Why Uncharted 2 is a Flawed Masterpiece

Why Uncharted 2 is a Flawed Masterpiece

Obvious spoiler warning for Uncharted 2 and the series as a whole. You have been warned…

In honor of the successful reception and recent admiration of Uncharted: The Nathan Drake Collection, it felt appropriate to relay my thoughts on, what is easily, one of the greatest and my own personal favourite video game series of all time. More accurately, however, I’d like to dissect the unanimous favourite of the trilogy, Uncharted 2: Among Thieves, which also happens to be my preferred entry and unsurprisingly, one of my favourite games of all time. Originally released back in 2009, Uncharted 2: Among Thieves arguably set a golden standard for action-adventure as its impeccable pacing, jaw-dropping set pieces, and exquisite character development were second to none, mirroring that pristine joy of a thrilling, quality summer blockbuster. The original’s under-performances and limitations are largely responsible for its sequel’s success as expectations regarding Uncharted 2 were manifested with the original being the standard. Naughty Dog desecrated its initial standard and unfathomably exceeded expectations, improving on every minute detail that the original Uncharted crafted, outclassing it in every way imaginable. Uncharted 2 is the renowned example of how to make a proper sequel; improving and expanding on the initial formula, catering to what exactly made the original so beloved, and never giving into the fear of working with the safe and familiar, upping the ante ten fold if needed. Uncharted 2: Among Thieves exceeded its brethren in terms of sheer scope, fantastic writing along with the exceptional development of their beloved characters, impeccable pacing that’s second to none, its gorgeously cinematic world that raised the bar for graphical possibilities, its bombastically iconic soundtrack, and riveting expedition that boasts a mirroring quality to some of Indiana Jones’ finest work. Even though Uncharted 2 is a masterpiece, it is by no means a perfect game; there are actually several inconsistencies that are notable to say the least, and although they never detract from the masterful experience that is Uncharted 2, they’re still prominent factors that ultimately make Uncharted 2 a flawed masterpiece.

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Ori and the Blind Forest Review

Ori and the Blind Forest Review

A painting in motion

Ori and the Blind Forest is gorgeous inside and out and is the best game I’ve played since 2013’s The Last of Us. Portraying a vibrant colour pallet, some would say that Ori and the Blind Forest may be an unperturbed experience for younger audiences, but its innovative save system and unrelenting challenge would prove them otherwise. Ori and the Blind Forest is a successful homage to the traditional, Metroidvania-esque action platformer; encompassing brilliant level design, breathtaking escape sequences, a forgotten sense of challenge that’s never too punishing or unforgiving, a sublime orchestral composition, and a simple, yet endearing coming-of-age story that will undoubtedly pull on your heartstrings. Ori and the Blind Forest is a near masterpiece, easily joining the ranks of my favourite games of all time and is currently the best title on the Xbox One. Moon Studios have crafted such a tranquil, vivacious world that could rightfully fit into the established Disney Universe and Ori himself is an adorable mascot that mirrors the charm and innocence of Simba. Ori and the Blind Forest is a beautiful, endearing experience and does so much right that what little it does wrong is overlooked effortlessly.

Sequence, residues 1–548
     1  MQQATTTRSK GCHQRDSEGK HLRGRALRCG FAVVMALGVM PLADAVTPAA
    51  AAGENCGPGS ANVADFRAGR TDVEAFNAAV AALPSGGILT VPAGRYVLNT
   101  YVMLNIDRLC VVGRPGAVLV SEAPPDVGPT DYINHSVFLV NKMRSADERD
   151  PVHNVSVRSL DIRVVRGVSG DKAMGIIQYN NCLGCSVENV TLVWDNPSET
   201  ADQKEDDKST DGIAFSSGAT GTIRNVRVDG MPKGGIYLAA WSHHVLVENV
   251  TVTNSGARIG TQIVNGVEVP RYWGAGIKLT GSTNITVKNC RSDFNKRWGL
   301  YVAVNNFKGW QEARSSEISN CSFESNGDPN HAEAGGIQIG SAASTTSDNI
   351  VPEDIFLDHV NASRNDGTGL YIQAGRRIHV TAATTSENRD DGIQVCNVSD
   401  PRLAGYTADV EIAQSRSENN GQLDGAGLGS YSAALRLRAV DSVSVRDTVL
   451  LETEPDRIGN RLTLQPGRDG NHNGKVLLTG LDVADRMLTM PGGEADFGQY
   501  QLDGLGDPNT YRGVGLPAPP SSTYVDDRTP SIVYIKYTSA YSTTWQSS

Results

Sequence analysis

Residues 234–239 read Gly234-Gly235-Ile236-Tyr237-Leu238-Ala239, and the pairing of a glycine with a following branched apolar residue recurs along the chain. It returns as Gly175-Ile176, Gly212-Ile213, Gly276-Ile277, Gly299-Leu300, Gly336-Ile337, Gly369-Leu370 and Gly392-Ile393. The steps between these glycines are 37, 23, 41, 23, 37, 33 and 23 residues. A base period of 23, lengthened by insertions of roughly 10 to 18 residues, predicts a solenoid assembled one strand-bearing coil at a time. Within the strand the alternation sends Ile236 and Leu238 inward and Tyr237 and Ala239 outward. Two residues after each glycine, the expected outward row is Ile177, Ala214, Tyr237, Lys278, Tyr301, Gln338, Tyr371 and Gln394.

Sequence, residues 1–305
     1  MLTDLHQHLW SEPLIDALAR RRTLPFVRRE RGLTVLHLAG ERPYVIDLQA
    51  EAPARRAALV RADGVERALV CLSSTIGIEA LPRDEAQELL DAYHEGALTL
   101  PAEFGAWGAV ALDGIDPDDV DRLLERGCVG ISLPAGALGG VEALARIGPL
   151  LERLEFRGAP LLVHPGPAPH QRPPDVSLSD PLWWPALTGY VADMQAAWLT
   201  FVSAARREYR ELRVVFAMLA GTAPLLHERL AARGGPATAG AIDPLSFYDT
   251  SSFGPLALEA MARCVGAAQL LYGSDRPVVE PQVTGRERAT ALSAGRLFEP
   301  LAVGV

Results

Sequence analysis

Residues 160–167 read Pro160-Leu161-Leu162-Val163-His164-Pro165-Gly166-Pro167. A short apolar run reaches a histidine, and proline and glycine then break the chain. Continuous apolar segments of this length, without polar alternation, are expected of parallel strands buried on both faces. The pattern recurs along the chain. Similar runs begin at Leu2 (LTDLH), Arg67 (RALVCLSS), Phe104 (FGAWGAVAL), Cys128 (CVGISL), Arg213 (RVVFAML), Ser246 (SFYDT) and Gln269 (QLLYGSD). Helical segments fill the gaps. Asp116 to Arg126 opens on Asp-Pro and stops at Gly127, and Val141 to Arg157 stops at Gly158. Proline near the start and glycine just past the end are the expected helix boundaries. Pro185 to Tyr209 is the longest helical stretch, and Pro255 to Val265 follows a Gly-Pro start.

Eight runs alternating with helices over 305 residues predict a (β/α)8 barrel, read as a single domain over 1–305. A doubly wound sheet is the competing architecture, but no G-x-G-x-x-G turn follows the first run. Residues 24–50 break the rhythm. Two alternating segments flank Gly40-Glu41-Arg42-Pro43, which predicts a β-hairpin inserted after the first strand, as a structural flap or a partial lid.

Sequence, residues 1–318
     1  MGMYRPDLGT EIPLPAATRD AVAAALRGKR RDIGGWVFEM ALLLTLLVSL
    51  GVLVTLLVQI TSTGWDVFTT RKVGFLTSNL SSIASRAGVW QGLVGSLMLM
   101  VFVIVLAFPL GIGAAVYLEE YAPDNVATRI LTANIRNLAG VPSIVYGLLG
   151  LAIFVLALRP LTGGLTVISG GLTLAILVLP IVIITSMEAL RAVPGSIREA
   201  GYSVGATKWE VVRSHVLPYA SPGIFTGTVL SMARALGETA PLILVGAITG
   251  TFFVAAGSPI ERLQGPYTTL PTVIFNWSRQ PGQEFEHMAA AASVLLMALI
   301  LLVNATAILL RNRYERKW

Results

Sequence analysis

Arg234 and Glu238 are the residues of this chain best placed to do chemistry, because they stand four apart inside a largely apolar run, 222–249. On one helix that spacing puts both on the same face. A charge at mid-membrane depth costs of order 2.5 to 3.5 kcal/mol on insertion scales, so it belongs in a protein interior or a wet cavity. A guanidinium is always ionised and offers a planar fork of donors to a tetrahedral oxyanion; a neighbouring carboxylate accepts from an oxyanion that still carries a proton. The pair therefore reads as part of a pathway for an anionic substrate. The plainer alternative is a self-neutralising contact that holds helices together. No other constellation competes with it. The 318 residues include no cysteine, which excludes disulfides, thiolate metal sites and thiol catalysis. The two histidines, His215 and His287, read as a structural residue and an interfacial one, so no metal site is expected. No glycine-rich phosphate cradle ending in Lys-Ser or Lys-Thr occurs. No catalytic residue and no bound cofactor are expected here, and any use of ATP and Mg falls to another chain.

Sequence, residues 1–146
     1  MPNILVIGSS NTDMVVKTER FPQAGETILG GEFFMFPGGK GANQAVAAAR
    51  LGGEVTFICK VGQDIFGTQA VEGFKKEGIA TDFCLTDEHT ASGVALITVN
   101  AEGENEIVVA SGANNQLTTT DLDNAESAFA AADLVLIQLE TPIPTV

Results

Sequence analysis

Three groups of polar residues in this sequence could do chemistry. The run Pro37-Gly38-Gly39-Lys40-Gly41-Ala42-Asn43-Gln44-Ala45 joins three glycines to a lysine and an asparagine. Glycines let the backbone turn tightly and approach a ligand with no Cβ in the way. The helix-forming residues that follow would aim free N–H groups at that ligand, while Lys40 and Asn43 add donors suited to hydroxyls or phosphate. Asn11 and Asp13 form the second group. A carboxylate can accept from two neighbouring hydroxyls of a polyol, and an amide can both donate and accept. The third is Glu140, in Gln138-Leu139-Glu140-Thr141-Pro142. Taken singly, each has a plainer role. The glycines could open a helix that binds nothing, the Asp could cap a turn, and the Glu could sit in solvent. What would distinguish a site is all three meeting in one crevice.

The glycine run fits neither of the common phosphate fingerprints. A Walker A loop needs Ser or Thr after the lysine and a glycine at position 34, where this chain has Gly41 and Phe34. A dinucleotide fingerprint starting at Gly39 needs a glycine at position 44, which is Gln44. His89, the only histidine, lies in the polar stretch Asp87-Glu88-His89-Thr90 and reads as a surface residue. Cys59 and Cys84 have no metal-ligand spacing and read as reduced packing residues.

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Classic Corner – The Legend of Zelda: Ocarina of Time

Classic Corner – The Legend of Zelda: Ocarina of Time

Classic corner will be a recurring segment where I’ll either re-experience or inaugurally play a classic title and give my thoughts and impressions. Does the game still hold up after all these years? Does the game rightfully deserve its critical acclaim or animosity? Read more to find out!

Often regarded as one of the greatest games of all time, Ocarina of Time is an immediate classic that helped pave the current gaming world that we’re so enamoured with. I didn’t own any Nintendo consoles as a child, except for the excellent GameBoy Color; I was primarily a PlayStation kid, so I grew up playing Spyro and Crash Bandicoot instead of Mario and Zelda. Luckily Nintendo EAD and Grezzo made the smart decision to port and update one of the greatest Zelda games to the 3DS so people, like myself, can properly experience it for the first time. So does the Ocarina of Time live up to the insurmountable praise it has received over the last decade and a bit? Absolutely, but most of you knew that already. Ocarina of Time is a bonafide masterpiece and rightfully deserves its title as “one of the greatest games of all time”. Hell, it even joined the ranks of my favourite games of all time. The exploration is sublime, the puzzles are intricate but rewarding, and its implementation of time travel and item usage to access new areas is masterful. Its joyous musical score is simple, yet iconic and its innovating lock-on system forever revolutionized character interaction and combat in a 3D environment. Link first entered the 3D landscape of gaming back in 1998 and it still stands the test of time, continuously setting the golden standard for not just our favourite video games but the vast amount of titles to come.